The accident magnet Chainsaw in this exaggerated version is launched through the windshield as the Jester laments: “What have I done” in German.

Later he was blown up by the premature detonation of an explosive breaching charge. He is famous in the Unit for taking a .45 caliber ACP bullet to the forehead and surviving. The bullet struck his head at a shallow angle and bounced off just above his hairline. It snapped his neck back injuring it, but otherwise, he was ok. Only in the shower when his hair was wet could you see the .45 bullet-shaped scar on his scalp.

Sadly, Chainsaw was hit again in the head by an HK G3 rifle at the border with Afghanistan and Pakistan. This time he was gravely injured and still suffers to this day from that head wound. We two remain friends on Facebook, catching up and busting chops just like in the day.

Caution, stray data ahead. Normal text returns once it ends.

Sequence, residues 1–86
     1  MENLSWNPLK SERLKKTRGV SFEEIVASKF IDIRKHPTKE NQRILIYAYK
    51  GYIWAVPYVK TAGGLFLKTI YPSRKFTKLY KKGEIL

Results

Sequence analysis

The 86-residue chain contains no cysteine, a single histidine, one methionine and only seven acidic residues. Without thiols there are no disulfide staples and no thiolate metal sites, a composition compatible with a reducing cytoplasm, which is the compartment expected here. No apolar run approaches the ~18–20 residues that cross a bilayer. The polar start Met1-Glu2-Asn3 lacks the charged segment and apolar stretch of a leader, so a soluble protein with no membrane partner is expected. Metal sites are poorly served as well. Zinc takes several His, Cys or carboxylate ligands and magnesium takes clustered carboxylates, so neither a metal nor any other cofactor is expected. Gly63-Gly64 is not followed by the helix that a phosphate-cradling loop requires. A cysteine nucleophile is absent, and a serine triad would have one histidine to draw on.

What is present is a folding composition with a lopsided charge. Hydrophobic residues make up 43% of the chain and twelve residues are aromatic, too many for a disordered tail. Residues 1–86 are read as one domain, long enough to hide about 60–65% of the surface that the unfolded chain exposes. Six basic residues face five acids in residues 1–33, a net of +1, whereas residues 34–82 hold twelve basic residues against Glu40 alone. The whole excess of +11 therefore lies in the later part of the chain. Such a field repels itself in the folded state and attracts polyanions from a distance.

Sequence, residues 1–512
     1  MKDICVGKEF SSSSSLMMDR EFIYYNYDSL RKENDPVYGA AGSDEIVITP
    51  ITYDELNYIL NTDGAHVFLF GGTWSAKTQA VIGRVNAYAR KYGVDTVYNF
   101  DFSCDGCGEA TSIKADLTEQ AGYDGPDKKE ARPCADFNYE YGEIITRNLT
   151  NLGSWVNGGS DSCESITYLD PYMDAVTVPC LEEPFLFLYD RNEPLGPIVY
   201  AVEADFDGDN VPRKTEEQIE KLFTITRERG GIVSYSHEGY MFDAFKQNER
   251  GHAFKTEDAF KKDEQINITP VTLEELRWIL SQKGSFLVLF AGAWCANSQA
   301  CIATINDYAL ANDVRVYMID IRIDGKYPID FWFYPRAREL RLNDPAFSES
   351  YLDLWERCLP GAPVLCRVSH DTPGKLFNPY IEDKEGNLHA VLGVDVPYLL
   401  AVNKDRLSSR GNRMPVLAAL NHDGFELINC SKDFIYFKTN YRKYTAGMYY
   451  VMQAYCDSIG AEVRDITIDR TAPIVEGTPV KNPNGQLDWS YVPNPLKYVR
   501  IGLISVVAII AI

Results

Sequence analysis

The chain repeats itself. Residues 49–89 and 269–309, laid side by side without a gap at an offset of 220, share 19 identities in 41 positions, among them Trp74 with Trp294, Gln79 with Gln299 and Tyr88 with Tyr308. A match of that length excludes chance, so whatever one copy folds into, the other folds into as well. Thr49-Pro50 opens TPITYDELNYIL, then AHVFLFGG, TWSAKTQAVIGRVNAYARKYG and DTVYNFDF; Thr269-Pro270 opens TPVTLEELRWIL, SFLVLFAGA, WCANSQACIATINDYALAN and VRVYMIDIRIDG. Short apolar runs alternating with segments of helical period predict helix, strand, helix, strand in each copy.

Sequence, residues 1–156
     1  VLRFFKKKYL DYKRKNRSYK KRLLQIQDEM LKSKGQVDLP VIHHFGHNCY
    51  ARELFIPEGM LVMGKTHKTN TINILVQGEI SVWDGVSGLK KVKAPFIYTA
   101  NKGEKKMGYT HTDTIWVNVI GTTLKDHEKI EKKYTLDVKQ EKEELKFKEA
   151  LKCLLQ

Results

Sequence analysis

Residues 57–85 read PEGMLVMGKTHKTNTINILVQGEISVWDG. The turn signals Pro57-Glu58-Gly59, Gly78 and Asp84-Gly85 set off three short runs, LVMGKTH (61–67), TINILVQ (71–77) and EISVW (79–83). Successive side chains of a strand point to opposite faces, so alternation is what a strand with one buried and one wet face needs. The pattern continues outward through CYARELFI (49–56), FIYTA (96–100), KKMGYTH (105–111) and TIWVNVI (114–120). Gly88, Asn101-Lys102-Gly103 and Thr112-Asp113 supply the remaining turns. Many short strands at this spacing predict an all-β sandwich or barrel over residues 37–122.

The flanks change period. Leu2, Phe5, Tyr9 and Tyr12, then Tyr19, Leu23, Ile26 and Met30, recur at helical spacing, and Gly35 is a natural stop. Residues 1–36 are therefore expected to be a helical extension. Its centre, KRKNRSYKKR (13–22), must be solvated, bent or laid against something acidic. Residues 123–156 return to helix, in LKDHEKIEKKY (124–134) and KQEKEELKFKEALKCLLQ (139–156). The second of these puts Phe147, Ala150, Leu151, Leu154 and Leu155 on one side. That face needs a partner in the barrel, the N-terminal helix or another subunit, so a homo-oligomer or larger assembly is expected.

7.62 x 51 (NATO) Heckler and Koch (HK) G3 rifle

“How’s your ass, Guido?”

“I told you guys it’s my hip… my hip is what is injured; not my ass!”

“Ok, whatever you say, Guido… you take care of that ass, ya hear?”

“I TOLD you it’s not my ASS!”

“Ha, ha, ha, ha, ha… sure thing, Guido.” And so it went.

MIGHTY CULTURE

5 ways marksmanship simulations can improve your fire teams

The fire team is the most important unit of the Marine Corps’ infantry. The Corps is always looking for new ways to make its fire teams more effective on the battlefield. From equipment upgrades to weapon replacements, there’s always room for improvement. But one thing they have yet to figure out is what Marines at the lowest levels can do during their free time. Well, why not reserve some time at the Indoor Simulated Marksmanship Trainer?